3. Marine, D., Atl. Med. J., 26:437-442, 1923.
  4. Abraham,G.E., The Original Internist, 11:17-36, 2004.
  5. Gennaro A.R., Remington: 19th Edition, 1995, Mack Publishing Co, 1267.
  6. Abraham, G.E., Flechas, J.D., Hakala, J.C., The Original Internist, 9:30-41, 2002.
  7. Epstein, S.S., et al, Prevention Program Macmillan, NY, 1998, pg5.
  8. Abraham, G.E., The Original Internist, 11: (2) 29-38, 2004.
  9. Abraham, G.E. Townsend Letter, 245:100- 101, 2003.
  10. Abraham, G.E., Flechas, J.D., Hakala, J.C., The Original Internist, 9:5-20, 2002.

 

These statements have not been evaluated by the Food and Drug Administration. These products are not intended to diagnose, treat, cure, or prevent any disease.

July 16, 2018 at 12:59 pm Leave a comment

Could a Daily Dose of Sunshine Prevent Neurological Diseases?

Young friends enjoying a day at beach.By Jennifer Palmer, Naturopathic Doctor (ND) & NEEDS Education Director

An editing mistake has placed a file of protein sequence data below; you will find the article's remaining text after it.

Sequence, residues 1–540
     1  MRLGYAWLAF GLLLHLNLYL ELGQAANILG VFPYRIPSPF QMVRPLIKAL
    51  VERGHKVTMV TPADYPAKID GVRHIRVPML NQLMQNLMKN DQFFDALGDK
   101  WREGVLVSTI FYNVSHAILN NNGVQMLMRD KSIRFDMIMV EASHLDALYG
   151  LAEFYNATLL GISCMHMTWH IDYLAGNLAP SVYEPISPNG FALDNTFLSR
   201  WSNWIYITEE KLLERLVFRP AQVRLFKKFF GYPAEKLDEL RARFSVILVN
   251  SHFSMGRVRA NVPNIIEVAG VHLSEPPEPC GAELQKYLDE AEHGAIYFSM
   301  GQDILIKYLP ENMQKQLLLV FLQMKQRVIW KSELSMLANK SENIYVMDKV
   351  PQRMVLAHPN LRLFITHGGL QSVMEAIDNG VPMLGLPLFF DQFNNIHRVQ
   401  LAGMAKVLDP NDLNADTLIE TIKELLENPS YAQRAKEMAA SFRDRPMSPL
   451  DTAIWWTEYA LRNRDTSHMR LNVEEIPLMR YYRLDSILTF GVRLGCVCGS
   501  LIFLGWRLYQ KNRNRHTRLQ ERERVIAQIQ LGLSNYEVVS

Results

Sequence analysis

Parkinson’s disease (PD) is a neurodegenerative disorder that affects predominately dopamine producing “dopaminergic” neurons in a specific area of the brain. It causes symptoms that progress slowly over years, including rigid limbs, gait and balance problems, and a type of tremor in the hands. Like most of the neurological diseases, it continually progresses and there is no solid cure.

A recent study has found a link between regular sun exposure and having a lower risk of developing PD as an older adult. Sun exposure increases the body’s vitamin D production and this may play a significant role in PD.

This study was conducted in France in order to examine the association of ultraviolet B (UV-B) light exposure from the sun, to the risk of developing PD later in life. The researchers found that in adults under 70-years-old, higher exposure to UV-B light is associated with a lower risk of developing PD. People under 50-years-old with consistently high UV-B exposure had the most significant reduction in their risk of developing PD as they grew older. In older age groups, the risk reduction was less significant, but still existed.